which means AD 345. (Lukas, 1996,8). However there are authors who
place the time somewhere in the 8th or 9th century. Dionisio puts it
in AD. 825 (Kollaparambil, 1986, 6), Diago de couto in AD 811 (P.22).
Burnell in 774 AD (Kollaparambil, 1992, 98). But according to many
historians, the traditional date is found to be highly probable.
But there may arise a problem. According to Dameo de goes the
Knaithomman Chepped was written in three languages, namely, Chaldean,
Malabar and Arabic. If this Statement is true and if Knaithomman
Chepped was given to Knaithomman himself, this arrival must have been
only after 6th century. This is because Muslims, whose language was
Arabic, came to India only from the 7th century. However we cannot
make a conclusive judgment over this, unless we get the original text
and verify it.
1.6.5: VARIOUS NAMES OF THE GROUP
These colonists were known in different names such as Thekkumbhagar,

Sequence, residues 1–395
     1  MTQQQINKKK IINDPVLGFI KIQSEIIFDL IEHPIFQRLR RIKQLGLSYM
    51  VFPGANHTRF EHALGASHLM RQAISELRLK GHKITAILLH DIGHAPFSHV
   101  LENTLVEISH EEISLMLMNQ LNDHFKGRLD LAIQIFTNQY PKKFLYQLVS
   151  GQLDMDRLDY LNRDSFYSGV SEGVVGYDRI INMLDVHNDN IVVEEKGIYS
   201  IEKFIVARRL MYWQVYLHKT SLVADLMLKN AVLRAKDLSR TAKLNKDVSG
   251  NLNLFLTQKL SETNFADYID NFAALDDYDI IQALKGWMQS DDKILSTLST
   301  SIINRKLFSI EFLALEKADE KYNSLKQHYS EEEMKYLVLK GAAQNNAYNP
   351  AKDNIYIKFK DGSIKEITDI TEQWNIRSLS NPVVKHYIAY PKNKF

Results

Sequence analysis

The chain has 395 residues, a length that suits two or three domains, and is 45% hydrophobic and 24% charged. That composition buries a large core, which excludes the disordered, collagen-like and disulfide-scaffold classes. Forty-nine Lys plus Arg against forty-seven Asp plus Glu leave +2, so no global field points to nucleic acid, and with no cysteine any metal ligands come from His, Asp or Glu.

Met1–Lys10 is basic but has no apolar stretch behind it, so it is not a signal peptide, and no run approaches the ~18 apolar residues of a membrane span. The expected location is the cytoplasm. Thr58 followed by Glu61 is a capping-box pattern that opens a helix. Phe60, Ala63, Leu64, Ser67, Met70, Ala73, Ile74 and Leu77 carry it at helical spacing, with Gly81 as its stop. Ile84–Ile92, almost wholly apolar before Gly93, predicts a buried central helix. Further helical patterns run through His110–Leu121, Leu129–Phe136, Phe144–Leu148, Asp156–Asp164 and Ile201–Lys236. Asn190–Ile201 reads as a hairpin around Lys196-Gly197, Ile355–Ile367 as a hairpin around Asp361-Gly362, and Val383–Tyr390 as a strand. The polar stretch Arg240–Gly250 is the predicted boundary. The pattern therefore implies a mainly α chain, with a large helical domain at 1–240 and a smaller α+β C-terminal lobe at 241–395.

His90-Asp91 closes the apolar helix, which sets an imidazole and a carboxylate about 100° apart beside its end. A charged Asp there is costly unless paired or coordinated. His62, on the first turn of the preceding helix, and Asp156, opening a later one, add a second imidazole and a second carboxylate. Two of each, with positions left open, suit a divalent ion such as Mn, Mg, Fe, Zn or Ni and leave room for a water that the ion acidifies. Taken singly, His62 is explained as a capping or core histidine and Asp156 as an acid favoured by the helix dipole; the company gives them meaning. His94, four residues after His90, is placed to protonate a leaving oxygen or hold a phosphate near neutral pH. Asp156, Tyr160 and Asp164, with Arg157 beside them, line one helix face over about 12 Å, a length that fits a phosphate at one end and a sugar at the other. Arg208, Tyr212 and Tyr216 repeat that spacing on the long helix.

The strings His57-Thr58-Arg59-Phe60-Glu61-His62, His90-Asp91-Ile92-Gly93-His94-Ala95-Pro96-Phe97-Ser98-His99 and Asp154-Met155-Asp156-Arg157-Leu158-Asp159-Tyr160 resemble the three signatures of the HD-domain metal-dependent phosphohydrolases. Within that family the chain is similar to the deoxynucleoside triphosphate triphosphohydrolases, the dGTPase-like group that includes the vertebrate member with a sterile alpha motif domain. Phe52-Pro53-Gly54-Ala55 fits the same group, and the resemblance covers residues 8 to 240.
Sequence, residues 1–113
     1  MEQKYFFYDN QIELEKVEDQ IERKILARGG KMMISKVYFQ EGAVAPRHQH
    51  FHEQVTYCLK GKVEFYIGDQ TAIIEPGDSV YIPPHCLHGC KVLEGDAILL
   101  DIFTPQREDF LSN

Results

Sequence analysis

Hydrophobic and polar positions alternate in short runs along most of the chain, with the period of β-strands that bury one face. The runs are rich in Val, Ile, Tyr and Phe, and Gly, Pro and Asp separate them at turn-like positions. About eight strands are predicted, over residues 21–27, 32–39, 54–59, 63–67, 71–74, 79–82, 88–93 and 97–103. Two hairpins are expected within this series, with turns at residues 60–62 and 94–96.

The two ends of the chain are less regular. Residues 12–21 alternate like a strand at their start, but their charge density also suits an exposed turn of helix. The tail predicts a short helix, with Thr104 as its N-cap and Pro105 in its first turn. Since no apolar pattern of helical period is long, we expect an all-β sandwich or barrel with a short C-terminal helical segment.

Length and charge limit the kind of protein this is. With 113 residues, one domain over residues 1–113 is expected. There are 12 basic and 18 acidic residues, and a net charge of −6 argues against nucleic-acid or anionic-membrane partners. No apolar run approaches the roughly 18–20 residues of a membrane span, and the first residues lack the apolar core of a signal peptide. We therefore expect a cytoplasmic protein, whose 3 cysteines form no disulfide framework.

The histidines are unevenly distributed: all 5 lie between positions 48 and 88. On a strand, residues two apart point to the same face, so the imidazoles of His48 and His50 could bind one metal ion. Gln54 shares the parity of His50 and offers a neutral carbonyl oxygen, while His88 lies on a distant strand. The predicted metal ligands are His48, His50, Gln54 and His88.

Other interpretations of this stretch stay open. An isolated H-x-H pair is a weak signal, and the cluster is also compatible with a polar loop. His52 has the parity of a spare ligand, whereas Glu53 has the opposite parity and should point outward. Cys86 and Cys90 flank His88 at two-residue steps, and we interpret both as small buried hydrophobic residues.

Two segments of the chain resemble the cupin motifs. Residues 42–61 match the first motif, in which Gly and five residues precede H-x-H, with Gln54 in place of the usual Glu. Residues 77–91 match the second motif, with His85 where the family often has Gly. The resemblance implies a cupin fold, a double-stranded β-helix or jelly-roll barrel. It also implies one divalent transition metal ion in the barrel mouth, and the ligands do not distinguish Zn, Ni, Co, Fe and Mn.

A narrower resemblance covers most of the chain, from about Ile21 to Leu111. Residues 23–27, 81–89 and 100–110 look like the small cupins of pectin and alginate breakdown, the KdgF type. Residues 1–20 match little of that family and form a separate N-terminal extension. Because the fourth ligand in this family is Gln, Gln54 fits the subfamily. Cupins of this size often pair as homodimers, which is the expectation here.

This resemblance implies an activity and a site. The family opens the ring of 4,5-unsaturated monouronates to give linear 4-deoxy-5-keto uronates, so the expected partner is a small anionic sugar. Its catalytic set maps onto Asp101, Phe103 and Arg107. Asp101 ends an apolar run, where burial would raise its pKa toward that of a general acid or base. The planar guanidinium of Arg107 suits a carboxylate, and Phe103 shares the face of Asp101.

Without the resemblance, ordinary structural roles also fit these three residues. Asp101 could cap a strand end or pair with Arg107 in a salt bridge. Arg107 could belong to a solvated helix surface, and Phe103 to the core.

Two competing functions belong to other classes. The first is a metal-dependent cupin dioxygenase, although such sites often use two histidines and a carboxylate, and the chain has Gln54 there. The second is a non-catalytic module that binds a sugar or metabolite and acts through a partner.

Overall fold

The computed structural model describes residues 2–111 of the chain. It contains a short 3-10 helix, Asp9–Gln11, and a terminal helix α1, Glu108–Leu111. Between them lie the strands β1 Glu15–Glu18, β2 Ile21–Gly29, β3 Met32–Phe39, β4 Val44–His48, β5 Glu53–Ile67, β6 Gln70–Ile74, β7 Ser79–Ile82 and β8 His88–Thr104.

which is the most ancient, Syrian Christians, Ancharappallikkar,
Knanites and Charamkettikal.
18.104.22.168: Thekkumbhagar (Southists)
Knanites were known as Thekkumbhagar in the ancient times. The
tradition behind such a name is that when they came to Cranganore
they settled in the Southern part of the city. Thus they
distinguished themselves from the St. Thomas Christians who had their
dwellings in the northern side of the city. Hence these two groups
got the names Southists (?) and Northists (...) (Fuller, 1998, 199).
Mr. Joseph Chazhikkattu brings before us a new hypothesis refuting
the traditional one (1961, 5-33). The Knanites trace their origin to
Jews in the lineage of Judah. There was a division among the Jews
into Southern and Northern kingdoms after the death of Solomon. The
tribe of Judah was in the Southern Kingdom. Later the Northern
Kingdom was destroyed and the people entered into mixed marriage and
were later known as Samaritans. The Knanities are from the lineage of
Judah and hence they were called Southists from their very homeland
itself. The term "suddisticas" (southerners or southists) is used in
the papal Bull erecting the Diocese of Kottayam to denote this group.
(Chettiyath (tr.), 1997, 1).
22.214.171.124: Syrian Christians
Thekkumbhagar were Christians and they had brought with them their
liturgy. They were speaking Syriac and their liturgy was in the